The best season for big ice off Newfoundland in at least a decade

ST. JOHN’S, N.L. – Visitors from across Canada and around the world were awestruck as their tour boat steamed within view of a mammoth iceberg off Cape Spear, N.L.

They had lined up at a pier in St. John’s for their chance to view the best season for big ice off the province in at least a decade.

The sight of a giant glacial sculpture moored in 50 metres of water, a perfect archway carved right through it by surf and waves, did not disappoint.

“Absolutely beautiful – never seen anything like it before,”

said Pete Kottenstette, who relocated to Mount Pearl, N.L., from Dallas as part of his work in the oil and gas sector.

Jean-Pierre Renaud of Laval, Que., was equally impressed.

“It’s incredible. It’s just beautiful, seeing the size of it, the colours coming out of it when the sun is on it, it’s just amazing. It’s breathtaking.”

Prehistoric towers and slabs of ice moulded by the sea into shapes of all description have arrived to the delight of tourists as mariners take warning.

“It’s phenomenal, really,” said Capt. Barry Rogers, president of Iceberg Quest Ocean Tours, as he paused from a hectic schedule in the wheelhouse of his popular vessel.

“We’ve had some great ice years, but I think this one is going to be the biggest year of all. We’ve just had a huge flow of icebergs coming from Greenland.”

The rare display of frozen natural beauty is attracting people from across the globe, Rogers said. “Folks are coming from all over the world. They’re just totally intrigued with icebergs.”

“I guess it’s one thing to hear about them and yet it’s a totally different thing to be up within several hundred feet of them.”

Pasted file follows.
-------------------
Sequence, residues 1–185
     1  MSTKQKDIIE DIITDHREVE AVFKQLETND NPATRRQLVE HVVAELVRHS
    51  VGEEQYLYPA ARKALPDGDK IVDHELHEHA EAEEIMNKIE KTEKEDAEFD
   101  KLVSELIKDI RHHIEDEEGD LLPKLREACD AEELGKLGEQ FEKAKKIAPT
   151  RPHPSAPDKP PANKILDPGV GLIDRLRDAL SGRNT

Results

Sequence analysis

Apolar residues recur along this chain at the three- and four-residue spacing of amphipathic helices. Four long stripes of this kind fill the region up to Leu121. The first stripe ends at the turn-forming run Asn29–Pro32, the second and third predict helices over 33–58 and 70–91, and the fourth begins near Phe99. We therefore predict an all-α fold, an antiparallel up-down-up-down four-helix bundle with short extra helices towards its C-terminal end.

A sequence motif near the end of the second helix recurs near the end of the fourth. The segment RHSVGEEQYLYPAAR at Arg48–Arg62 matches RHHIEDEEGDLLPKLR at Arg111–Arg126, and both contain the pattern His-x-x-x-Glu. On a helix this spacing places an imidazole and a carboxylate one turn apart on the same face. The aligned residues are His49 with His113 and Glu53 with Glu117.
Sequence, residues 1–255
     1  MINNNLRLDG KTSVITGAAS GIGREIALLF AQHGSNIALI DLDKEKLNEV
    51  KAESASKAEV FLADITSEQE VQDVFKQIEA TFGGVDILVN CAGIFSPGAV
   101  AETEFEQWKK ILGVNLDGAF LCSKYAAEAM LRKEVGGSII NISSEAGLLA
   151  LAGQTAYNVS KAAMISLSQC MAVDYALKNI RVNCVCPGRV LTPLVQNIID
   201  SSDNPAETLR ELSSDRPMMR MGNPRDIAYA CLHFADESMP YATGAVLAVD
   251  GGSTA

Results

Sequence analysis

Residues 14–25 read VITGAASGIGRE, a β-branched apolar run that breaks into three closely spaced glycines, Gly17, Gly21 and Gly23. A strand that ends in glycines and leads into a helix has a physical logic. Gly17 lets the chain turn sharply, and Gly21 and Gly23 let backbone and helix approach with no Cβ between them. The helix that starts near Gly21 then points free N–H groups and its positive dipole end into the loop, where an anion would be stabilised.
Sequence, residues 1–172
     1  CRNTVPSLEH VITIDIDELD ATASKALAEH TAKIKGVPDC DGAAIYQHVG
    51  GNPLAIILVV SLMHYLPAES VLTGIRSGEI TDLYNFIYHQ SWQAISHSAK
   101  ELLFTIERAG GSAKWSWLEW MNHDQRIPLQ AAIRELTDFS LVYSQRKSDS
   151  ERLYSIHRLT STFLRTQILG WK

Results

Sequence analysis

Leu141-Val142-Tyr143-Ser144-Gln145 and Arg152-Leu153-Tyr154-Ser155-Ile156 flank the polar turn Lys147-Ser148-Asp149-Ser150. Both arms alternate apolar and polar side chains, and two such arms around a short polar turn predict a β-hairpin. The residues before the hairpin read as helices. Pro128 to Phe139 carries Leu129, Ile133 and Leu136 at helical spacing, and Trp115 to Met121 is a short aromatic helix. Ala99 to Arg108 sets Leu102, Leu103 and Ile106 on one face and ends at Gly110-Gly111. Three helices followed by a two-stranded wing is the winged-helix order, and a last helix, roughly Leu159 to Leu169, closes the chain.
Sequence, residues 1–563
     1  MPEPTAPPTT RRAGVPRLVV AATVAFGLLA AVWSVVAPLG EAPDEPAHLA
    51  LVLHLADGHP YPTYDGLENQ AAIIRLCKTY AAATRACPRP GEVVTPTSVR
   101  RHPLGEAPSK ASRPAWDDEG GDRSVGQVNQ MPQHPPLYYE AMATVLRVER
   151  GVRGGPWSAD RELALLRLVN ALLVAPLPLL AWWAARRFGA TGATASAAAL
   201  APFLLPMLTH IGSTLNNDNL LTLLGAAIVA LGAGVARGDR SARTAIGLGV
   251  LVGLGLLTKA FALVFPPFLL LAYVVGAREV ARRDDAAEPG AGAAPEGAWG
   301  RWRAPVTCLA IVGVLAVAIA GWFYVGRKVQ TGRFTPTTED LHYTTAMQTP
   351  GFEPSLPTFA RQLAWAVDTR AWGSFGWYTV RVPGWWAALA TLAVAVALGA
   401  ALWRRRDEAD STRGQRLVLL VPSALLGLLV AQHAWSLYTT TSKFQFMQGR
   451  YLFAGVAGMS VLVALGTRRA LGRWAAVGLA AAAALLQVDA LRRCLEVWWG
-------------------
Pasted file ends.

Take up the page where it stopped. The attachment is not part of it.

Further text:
But Rogers is careful to keep a safe distance.

“That iceberg is quite large underneath and quite dangerous as well,” he told his guests over a microphone as he approached the site where it ran aground near Cape Spear. It’s gorgeous to look at but can break apart or roll over with little warning, he explained.

Rogers also cautioned passengers in the rise and fall of North Atlantic swells to hang on at all times. One hand on the camera, one hand on a safety rail, he urged them.

As people crowded the pulpit bow taking photos, Rogers pointed out the berg’s striking shades of brilliant aqua and deep blue, the grooves cut by waves and small waterfalls running from melting sections.

He said it likely took around 18 months to three years for that iceberg to arrive.

Creeping glaciers that cover much of Greenland crawl towards ocean cliffs before snapping off in giant slabs that then float south toward the coasts of Labrador and Newfoundland. When spring sea ice is especially thick it keeps the icebergs, believed to be at least 12,000-year-old specimens of pristinely pure water, more intact as they travel.

They float because the density of the frozen berg is less than that of sea water.

Smaller “bergy bits” are especially hazardous as they can be harder to see in waves but can easily cut through a steel hull.

Rogers steered toward a soaring rocky cliff to give passengers a closer look at a sparkling piece of sunlit ice less than five metres long. Such remnants are known as “growlers” for how they hiss as they melt, releasing air.

Trudy Wohlleben, a senior ice forecaster for the Canadian Ice Service, said a long trail of bergs extending down the Labrador coast is now concentrated off northeastern and eastern Newfoundland.

She said it’s the most sea ice and resulting bergs since 2003, though it’s not clear why.

“Climate has many aspects to it,” Wohlleben said from Ottawa. “Whether it’s natural variability or it’s part of a longer term trend, it’s a little difficult to say.”

It’s expected that icebergs will be visible off Newfoundland for at least the next several weeks.

If you go: Check out the Iceberg Finder map at for updates.

A warm coat, hat and gloves are recommended for offshore viewing.

Source: The Canadian Press
By Sue Bailey

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